The Challenge also promotes a mastery approach because each game demands functionality, Ms Curnow notes. ‘In writing the correct script, the students have been very keen to solve the problems they encountered, learning through trial and error and prediction. For each student, though, “mastery” is a personal measurement. Those who are new to programming can experience success, just as a proficient programmer can.

‘When first being introduced to programming, I ask students what comes to mind when they heard the word, “programming”. Typically, they think “only smart people” can do programming. But when I asked the question again, at the completion of their game, their responses changed to, “Everyone!”, “Me  – I am a programmer!” Video game design and construction is for everyone, as it is a creative process that draws upon our multiple intelligences.

‘Whether we are advanced users of technology or beginners, we have many skills which we can draw upon to create a video game, drawing on our kinesthetic, collaborative, self-reflective, linguistic, visual and spatial, logical, musical and naturalistic intelligences.

‘Programming is highly creative. Students have control over the selection and creation of their sprites, stages and scripts. Their options are endless and their imaginations can be unlocked. And the possibilities are endless as students then code their variations.’

Ms Curnow says the Challenge also addresses the criteria for student motivation and engagement identified by the Schlechty Centre on Engagement because it is designed to be suitable to students’ context and to enable choice.

‘The Challenge task design introduces variations in the qualities that can be introduced into the video game. Students are autonomous, as they write and code their own game. They make decisions about whether they will import sprites or design their own, use sounds from a program or record their own. The students make countless choices about what is needed to program their game.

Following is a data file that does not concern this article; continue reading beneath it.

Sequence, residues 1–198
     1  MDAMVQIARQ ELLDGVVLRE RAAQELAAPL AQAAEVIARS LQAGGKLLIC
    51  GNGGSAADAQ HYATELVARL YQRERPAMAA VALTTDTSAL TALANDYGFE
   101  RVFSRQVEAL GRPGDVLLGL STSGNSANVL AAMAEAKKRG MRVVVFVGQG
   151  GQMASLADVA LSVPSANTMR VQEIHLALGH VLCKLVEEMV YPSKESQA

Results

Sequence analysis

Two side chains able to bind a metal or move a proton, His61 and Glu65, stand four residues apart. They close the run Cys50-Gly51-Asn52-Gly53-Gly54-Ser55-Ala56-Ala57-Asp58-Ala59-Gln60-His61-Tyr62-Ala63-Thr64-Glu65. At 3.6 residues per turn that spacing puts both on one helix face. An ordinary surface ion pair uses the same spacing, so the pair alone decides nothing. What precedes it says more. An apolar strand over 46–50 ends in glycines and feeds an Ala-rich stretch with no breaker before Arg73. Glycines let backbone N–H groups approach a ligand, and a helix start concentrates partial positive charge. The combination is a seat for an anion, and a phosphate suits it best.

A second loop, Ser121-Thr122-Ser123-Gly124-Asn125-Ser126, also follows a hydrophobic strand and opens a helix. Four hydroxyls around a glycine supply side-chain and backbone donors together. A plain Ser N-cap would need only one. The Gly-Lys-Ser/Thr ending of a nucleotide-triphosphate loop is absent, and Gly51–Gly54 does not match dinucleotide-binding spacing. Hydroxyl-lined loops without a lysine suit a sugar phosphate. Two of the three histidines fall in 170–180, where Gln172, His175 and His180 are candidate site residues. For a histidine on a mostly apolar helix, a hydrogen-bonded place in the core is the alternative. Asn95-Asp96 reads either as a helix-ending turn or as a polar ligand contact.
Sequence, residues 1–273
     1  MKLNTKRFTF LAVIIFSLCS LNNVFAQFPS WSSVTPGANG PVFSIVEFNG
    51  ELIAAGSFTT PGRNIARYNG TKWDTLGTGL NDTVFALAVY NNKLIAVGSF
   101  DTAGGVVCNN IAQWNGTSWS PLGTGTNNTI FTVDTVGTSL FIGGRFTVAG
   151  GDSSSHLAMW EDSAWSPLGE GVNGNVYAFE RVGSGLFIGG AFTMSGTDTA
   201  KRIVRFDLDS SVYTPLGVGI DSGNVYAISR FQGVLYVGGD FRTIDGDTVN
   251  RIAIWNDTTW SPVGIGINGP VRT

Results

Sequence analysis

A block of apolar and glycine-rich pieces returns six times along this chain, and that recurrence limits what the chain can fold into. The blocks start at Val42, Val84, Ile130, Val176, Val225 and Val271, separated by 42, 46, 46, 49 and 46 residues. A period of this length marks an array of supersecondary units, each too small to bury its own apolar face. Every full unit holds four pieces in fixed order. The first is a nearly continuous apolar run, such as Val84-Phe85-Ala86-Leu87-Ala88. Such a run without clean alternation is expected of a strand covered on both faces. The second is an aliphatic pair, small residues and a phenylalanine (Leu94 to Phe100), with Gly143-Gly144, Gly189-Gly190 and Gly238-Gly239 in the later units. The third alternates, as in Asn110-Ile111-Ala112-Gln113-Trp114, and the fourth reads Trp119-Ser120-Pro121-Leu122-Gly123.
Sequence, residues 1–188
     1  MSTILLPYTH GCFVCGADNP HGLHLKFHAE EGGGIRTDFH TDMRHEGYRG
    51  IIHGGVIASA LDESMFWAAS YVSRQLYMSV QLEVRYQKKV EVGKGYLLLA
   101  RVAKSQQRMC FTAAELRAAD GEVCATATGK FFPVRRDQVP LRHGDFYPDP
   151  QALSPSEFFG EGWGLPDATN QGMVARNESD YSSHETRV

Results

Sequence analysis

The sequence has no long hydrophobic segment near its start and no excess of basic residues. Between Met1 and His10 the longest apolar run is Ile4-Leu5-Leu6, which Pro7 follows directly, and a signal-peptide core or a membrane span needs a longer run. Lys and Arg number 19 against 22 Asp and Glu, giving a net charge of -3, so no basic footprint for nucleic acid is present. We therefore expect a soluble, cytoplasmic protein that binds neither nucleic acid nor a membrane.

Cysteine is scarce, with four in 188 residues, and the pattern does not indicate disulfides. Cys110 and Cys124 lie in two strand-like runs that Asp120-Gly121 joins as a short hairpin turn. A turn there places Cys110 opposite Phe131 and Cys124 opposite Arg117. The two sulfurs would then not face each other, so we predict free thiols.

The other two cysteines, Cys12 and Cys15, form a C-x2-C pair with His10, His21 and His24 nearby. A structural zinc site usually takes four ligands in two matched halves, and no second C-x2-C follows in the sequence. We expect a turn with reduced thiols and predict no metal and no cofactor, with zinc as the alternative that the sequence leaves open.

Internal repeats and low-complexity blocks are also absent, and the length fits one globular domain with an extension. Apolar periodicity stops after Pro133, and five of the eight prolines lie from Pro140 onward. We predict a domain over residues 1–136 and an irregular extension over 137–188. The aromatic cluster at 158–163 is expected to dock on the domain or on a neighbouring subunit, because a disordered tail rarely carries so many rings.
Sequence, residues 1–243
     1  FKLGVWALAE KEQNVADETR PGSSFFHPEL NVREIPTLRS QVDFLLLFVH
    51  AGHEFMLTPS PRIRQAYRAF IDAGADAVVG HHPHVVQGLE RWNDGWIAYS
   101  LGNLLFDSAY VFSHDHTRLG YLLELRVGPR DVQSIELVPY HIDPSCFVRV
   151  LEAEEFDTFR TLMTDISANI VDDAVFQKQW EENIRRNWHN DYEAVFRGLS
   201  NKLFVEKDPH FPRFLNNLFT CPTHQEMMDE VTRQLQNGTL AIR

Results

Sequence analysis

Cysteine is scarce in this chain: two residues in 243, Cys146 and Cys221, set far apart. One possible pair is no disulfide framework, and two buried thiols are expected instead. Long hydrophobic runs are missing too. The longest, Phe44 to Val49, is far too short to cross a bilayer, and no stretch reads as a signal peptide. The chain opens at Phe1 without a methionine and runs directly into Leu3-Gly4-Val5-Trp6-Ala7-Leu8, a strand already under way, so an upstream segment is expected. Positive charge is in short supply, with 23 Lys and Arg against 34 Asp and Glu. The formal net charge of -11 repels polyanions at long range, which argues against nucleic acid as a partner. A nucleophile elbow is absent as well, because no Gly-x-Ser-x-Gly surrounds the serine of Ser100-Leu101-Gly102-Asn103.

‘The task design also allows for teachers to deliver curriculum content and for the standards and progression points to be assessed. The Challenge’s judging rubric and the GDD or game design document also provide clear expectations for the students.’

One of the key reasons that the Challenge is authentic and purposeful, says Ms Curnow, is that the students are aware that their work will be showcased before a wider audience that includes their peers and families, but also the judges in the video gaming industry and, potentially, game players themselves.

‘The Challenge has been personally meaningful work for my students. They have accomplished something of worth by creating their own unique game, and by participating at a national level. These are rewarding experiences.’


The Australian STEM Video Game Challenge team loves talking to people about education, STEM, video games and how all three things can work together.

We are always on the lookout for new partners and organisations that can support our goal of making STEM learning fun and interactive.

You can reach us using the details below:

Email      contact@stemgames.org.au
Twitter     @STEMGamesAus